In the field of social games, one company is clearly the current king of the hill, boasting multiple top 10 Facebook games month after month while raking in big revenue on mobile platforms as well. You'll have to excuse the pun because the firm in question actually is King, the force behind the unusually addictive social/mobile sensation Candy Crush Saga.
Minus the mobile part, a very similar description was used to discuss Zynga just a few years ago. Now the fortunes of the two companies couldn't be more different. Privately held King has offices in seven different countries and plans to expand to 750 employees by the end of 2013 – which may not sound like a lot, but represents a sizable increase from the 400 people currently on its payroll.
Publicly traded Zynga is going in the opposite direction, laying off workers and shuttering whole studios. The most infamous closure was the New York office that housed most of the former staff of OMGPOP, creator of Draw Something and a company that Zynga had purchased for $180 million just 15 months prior.
The struggles of Zynga since the time its "Ville" games were the envy of the social gaming world have been well documented, but one thing that even CEO Mark Pincus has admitted is that his team was caught flat-footed by the rapid rise of mobile gaming. Their attempts to transition Facebook strength to smartphones and tablets mostly flopped, and as a result, Zynga is scrambling. Its future is tied to the elusive "midcore" market and hopes for legalized online and mobile gambling in the U.S., if it's tied to anything at all.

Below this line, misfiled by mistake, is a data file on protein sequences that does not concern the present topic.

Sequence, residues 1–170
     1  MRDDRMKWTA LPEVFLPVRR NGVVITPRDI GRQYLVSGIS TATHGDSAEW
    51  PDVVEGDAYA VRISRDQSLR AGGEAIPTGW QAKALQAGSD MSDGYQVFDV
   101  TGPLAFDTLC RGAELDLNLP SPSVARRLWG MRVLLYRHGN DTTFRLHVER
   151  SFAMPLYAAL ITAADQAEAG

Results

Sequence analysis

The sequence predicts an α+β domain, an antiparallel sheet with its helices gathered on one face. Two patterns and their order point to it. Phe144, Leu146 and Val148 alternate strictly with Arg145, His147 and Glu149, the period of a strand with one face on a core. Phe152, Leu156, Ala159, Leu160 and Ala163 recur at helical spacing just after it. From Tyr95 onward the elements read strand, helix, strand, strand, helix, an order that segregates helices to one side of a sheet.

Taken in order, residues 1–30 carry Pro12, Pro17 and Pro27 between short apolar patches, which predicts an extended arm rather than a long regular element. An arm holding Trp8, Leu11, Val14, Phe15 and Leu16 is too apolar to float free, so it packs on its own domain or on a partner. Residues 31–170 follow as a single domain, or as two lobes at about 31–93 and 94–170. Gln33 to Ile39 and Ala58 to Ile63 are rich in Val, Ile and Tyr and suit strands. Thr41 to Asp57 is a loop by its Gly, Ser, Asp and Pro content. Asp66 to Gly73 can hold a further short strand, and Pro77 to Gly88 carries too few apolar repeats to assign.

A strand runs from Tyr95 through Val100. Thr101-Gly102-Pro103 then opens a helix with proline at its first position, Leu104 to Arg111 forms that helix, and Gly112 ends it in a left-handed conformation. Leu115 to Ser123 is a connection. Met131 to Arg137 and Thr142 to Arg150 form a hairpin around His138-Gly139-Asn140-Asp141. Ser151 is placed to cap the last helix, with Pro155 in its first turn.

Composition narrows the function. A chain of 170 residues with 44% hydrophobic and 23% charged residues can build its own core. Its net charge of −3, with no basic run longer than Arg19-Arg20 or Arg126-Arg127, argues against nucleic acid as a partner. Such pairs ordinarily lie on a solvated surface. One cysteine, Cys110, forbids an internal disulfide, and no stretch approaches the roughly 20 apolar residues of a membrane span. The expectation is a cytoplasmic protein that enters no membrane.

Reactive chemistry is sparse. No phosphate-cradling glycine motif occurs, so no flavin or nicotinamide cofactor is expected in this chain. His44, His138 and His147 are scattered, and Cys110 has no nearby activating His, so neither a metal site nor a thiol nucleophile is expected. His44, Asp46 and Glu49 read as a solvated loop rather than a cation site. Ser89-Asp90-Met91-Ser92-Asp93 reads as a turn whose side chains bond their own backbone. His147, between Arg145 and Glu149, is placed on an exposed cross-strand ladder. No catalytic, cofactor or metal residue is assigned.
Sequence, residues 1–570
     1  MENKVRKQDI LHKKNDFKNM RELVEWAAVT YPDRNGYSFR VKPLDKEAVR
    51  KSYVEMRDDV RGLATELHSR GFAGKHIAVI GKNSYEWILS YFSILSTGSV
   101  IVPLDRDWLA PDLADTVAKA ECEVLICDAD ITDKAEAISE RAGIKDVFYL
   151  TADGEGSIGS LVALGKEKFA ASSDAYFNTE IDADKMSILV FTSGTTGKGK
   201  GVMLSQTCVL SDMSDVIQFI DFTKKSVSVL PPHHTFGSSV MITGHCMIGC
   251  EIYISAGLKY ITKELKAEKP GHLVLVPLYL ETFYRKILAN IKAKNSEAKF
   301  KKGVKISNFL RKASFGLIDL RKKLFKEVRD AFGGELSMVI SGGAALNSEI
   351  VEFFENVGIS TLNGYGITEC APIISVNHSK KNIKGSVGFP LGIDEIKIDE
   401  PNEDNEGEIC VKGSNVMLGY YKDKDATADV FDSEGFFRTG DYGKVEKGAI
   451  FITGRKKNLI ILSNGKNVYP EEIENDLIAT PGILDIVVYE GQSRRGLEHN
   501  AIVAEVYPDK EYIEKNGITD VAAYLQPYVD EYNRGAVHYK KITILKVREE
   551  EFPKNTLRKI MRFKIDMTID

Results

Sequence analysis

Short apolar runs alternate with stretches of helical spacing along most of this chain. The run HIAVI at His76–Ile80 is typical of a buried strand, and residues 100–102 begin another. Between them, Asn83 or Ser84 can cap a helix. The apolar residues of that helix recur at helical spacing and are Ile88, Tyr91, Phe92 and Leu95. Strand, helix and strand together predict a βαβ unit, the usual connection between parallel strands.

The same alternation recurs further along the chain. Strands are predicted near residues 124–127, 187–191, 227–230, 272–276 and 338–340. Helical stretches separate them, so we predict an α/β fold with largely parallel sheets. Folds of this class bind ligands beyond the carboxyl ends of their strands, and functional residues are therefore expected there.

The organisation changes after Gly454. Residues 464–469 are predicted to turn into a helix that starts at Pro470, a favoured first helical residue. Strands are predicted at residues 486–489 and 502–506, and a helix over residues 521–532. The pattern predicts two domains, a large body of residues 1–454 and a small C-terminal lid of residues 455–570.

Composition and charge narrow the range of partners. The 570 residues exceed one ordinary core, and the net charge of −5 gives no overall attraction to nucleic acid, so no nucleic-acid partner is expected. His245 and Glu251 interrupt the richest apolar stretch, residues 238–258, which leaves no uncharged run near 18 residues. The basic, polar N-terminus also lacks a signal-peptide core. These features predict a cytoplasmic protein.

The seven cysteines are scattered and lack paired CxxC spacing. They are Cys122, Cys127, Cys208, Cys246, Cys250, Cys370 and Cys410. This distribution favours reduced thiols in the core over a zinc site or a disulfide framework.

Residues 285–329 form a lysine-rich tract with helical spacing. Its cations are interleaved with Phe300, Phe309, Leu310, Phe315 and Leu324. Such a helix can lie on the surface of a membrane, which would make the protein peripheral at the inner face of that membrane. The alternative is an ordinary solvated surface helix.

Zynga still had three of the top 10 Facebook games by monthly active users (MAU) in May, yet it talks more and more as if the kinds of titles that built it into an empire are a dead end. At the same time, King has essentially set up shop in what used to be Zynga's backyard and has shown few signs of slowing down.
How is this possible? As King's Games Guru Tommy Palm told Gamezebo at E3, it's due to a smarter game development process; one that capitalizes on the company's web portal and minimizes risk by only pushing the games to Facebook and mobile after they've been proven to have some winning qualities.
"We started out making more casual social games, rather simple games that we have on [King.com] now," Palm said. "We have more than 150 games there, and it's a very important part of our recipe of making games. We can, with very small teams, two to three people, try the games on that audience of currently 12 million active users. So we can cheaply take some risks and try to innovate and see if the game works really well there. And if it does, like in the case of Candy Crush, we'll take it onward and create a Facebook and mobile platform version of it."
Candy Crush is a perfect example of what Palm was talking about, because while it seemed like an overnight success last fall, it came the whole way through the King pipeline. The game made its King.com debut in mid-2011, hit Facebook in April 2012 and only came to smartphones and tablets about seven months after that.
It's not just a simple port process either, as King takes the time to build a version of each game specifically for the next platform on its journey. The idea is to make any iteration of any title feel native to the device it's played on. It sounds simple, almost like common sense, but it took the company nearly ten years of experience to get everything figured out.
The process pays off in other ways too. Palm said King is proud of its reputation for having polished, nearly bug-free games due to the time spent on them before they ever reach the mobile stage. A few titles have become truly cross-platform as well, something the company is banking on as a key feature going forward.
And while it's harder to pinpoint exactly how, King has even succeeded in giving games like Candy Crush Sagaand Pet Rescue Sagaa great deal of virality. Gamers that usually shun Facebook and mobile games play them, and more importantly, they talk about them.
"These games have a lot of longevity to them," Palm said. "One of the reasons is the social component. If you look at Instagram or Pinterest under the Candy Crush tag, [there are] a lot of funny things that fans are showing. They're painting their toenails, writing out tutorials on how to make Candy Crush cakes. It's really cool to see that."